The above and other objects will be readily apparent to those skilled in the art upon reviewing the following detailed description, taken together with the attached drawings.
FIG. 1 is a top front perspective view of the alerting apparatus of the present invention, showing the apparatus attached to a representative rail member of a transport apparatus;
FIG. 2 is a top front perspective view similar to FIG. 1, showing the alerting apparatus removed and the recharging plug extended;
FIG. 3 is a block diagram illustrating the alerting system of the present invention;
FIG. 4 is a side elevational view of the call button of the present invention; and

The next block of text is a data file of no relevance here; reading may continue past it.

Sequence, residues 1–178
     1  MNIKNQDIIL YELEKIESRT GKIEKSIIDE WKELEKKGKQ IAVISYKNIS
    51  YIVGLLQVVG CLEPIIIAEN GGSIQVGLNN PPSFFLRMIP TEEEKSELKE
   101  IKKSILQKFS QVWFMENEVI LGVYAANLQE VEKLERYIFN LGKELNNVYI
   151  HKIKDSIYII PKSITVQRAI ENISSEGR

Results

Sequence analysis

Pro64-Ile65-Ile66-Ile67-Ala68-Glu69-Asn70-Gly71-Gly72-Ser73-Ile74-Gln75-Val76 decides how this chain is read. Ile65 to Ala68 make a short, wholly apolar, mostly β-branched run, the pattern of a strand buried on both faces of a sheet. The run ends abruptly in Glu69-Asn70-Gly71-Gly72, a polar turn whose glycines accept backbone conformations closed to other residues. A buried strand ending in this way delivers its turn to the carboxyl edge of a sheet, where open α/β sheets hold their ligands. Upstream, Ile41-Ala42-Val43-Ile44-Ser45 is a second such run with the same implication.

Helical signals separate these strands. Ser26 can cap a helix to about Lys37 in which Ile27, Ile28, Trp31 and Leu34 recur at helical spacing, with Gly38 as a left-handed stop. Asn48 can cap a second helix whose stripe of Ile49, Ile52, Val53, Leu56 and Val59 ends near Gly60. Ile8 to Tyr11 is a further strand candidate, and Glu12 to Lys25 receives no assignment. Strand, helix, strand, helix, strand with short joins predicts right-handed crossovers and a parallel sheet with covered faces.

FIG. 5 is a side sectional view through the alerting apparatus illustrating the attachment of the housing to a transport apparatus.
Referring initially to FIG. 1, alerting apparatus 10 is shown attached to rail member 12, which represents a typical side rail of a gurney, bed, wheelchair, or other transport apparatus commonly used in a hospital or other medical treatment facility. It will be fully understood to those skilled in the art that the principals of the present invention may be employed with virtually any type of apparatus used to move patients from one area to another.
The preferred embodiment of apparatus 10 comprises a housing 14 removably securable to rail member 12 by means of a pair of clamps 16. As best shown in FIG. 5, each clamp 16 encircles a portion of rail member 12 and is grippingly secured thereto by screw 18 and wing nut 20 in a generally conventional manner. Removal of apparatus 10 is easily accomplished by removing wing nuts 20 and opening clamps 16 sufficiently to release rail member 12.